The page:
Bringing the Meethotamulla Disaster to our Doorstep

Just over a week ago, the largest landfill site in Meethotamulla, Sri Lanka collapsed and spread past the original landfill perimeters, causing neighboring houses and buildings to be destroyed by this ‘overflowing garbage.’ The situation itself has lead to several deaths and casualties of individuals local to that area as well as a standstill in waste collection all across Sri Lanka. This situation tells us not only that the former solid waste management in Sri Lanka was implemented poorly by the government, but moreover that it is the population of Sri Lanka that could have initially prevented this from taking place. The collapse/spillage of landfill waste was due to the landfill itself containing excess amounts of waste; amounts which could not be sustained within the limited disposal area. It is this excess amount of waste which the society can eliminate in the future simply by finding more responsible ways of disposing of solid waste or limiting this consumption. But before talking about what society can do, let’s identify the global implications of this disaster.

Meethotamulla has now become a worldwide case study regarding the implications of poor solid waste management. After collection, the common global methods of disposing of a nation’s/state’s solid waste are by:

  • Open burning
  • Dumping into the sea
  • Sanitary Landfills
  • Incineration
  • Composting
  • Ploughing in fields
  • Hog feeding
  • Grinding and discharging into sewers
  • Salvaging
  • Fermentation and biological digestion

As you can see, the majority of these common methods of solid waste management are not environmentally compatible, though some are better than others. Once options such as ‘Sanitary Landfills’ (i.e. Meethotamulla Landfill site) have reached their maximum carrying capacity, rather than for nations to continue to test this maximum capacity – until an event such as this takes place – it is best to invest into the environmentally friendly options, such as composting, salvaging or even producing common solid wastes as biodegradable in the coming years. But then again, this stops the issue of environmental hazards at the waste disposal part of the process. But what if we were able to limit these disasters at the earlier waste collection stage of the process?

Our school community is also now being affected as waste collectors have currently stopped collecting from households, the school and Sri Lanka as a whole. Households are now seeing the incentive behind proper waste disposal at a domestic level rather than the minor inconveniences that it may cause. Every household is under some pressure to reduce the amount of solid waste they are disposing of. Therefore, with the help of my service group: Train To Sustain and our Service Administrator: Mr. Ian Lockwood, we have derived a list of actions that will reduce the solid waste disposed of at home for the local community, in hopes that this will reduce the overall OSC communities waste input to landfill sites such as Meethotamulla in the future:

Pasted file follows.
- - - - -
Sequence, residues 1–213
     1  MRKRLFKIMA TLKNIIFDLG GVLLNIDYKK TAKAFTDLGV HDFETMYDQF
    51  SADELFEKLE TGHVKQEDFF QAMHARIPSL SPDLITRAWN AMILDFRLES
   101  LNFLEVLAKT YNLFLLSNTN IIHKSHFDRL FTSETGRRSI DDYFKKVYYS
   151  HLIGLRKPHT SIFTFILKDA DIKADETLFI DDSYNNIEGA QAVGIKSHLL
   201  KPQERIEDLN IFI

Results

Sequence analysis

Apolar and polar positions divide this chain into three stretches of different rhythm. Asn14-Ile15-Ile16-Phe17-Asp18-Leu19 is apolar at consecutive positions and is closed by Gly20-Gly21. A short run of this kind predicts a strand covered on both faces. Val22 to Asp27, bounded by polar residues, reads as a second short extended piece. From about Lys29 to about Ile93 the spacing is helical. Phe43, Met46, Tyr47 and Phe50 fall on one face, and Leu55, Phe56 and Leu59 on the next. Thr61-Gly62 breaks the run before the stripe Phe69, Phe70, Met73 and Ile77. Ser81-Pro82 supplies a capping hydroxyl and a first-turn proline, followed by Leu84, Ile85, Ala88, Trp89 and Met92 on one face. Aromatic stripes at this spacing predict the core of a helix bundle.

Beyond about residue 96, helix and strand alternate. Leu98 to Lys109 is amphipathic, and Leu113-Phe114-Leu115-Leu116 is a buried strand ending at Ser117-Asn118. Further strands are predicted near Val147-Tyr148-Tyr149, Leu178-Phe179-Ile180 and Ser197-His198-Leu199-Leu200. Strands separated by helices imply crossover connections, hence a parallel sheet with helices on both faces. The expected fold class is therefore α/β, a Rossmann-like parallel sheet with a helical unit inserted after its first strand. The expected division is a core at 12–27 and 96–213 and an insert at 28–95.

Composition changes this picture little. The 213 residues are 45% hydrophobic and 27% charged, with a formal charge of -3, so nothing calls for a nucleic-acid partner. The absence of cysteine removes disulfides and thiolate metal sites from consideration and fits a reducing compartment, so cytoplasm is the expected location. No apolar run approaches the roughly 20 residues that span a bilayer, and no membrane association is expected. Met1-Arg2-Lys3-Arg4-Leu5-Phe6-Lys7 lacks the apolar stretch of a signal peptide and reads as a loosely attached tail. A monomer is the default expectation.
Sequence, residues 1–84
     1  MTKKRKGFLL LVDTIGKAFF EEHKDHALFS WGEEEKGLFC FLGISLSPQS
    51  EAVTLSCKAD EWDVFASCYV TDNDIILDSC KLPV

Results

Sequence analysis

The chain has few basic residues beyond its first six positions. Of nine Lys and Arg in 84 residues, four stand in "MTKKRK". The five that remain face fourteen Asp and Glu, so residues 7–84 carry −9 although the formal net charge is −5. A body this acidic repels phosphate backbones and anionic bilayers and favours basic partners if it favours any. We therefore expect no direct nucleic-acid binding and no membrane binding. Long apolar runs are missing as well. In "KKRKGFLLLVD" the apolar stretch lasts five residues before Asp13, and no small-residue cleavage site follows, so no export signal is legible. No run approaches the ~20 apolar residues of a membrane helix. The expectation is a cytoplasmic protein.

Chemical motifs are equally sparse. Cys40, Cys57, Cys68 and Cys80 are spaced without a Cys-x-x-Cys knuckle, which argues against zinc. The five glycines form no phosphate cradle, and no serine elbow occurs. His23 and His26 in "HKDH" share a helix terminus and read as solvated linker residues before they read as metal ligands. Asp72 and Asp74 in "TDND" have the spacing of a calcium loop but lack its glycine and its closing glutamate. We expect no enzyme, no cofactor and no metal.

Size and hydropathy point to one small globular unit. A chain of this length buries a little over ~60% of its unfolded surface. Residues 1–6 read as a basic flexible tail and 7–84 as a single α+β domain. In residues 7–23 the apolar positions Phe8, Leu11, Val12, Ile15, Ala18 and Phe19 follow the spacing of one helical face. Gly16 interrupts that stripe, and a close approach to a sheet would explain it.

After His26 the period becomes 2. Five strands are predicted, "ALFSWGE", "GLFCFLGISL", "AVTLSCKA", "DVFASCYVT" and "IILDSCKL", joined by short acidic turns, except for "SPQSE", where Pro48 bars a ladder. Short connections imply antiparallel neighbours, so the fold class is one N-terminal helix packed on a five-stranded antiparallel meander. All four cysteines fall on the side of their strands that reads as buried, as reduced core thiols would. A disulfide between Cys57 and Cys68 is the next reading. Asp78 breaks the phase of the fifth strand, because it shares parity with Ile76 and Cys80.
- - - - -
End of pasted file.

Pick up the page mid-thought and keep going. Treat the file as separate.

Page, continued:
Reducing Solid Waste at Home

  • Follow the three Rs (Reduce Reuse Recycle). Reduce what you consume and make every effort to not take or buy disposable items like plastic bags.
  • When you shop, use reusable shopping bags. There are even reusable mesh bags for vegetables that have been pioneered in our community by Rachel Jackson, Clover Hicks and Raina Lockwood. Reefkeepers will be selling these shortly. These efforts reduce the amount of single use plastic that you take home. Check out Rice and Carry’s innovative ways of reusing rice bags to help reduce disposable shopping bags.
  • Separate your waste at home. This is probably the single best thing that you can do. Wet waste from the kitchen can be composted. A study that I did of my home suggests that roughly 50% or more of household waste is wet waste and mostly compostable. Household composting is a viable option for most of us with gardens and, if managed correctly, will lead to reduction in solid waste and smelly garbage bags.
  • We have the facility to recycle cardboard and paper and PET plastic here at school and you are welcome to bring in items to us. We ask that any plastic bottles are cleaned. For parents and teachers, the R&S group can provide guidance on where to go to sell your paper and cardboard if you have large volumes. This waste actually pays and the R&S groups has built up a capital fund thanks to paper and cardboard sales over the past 12 years.
  • We collect hazardous and E-waste items such as batteries and printer cartridges. We are working with Dialog to give these items to them or recycling. The Orange lighting company takes back CFLs bulbs. Thus don’t mix these into regular garbage bags.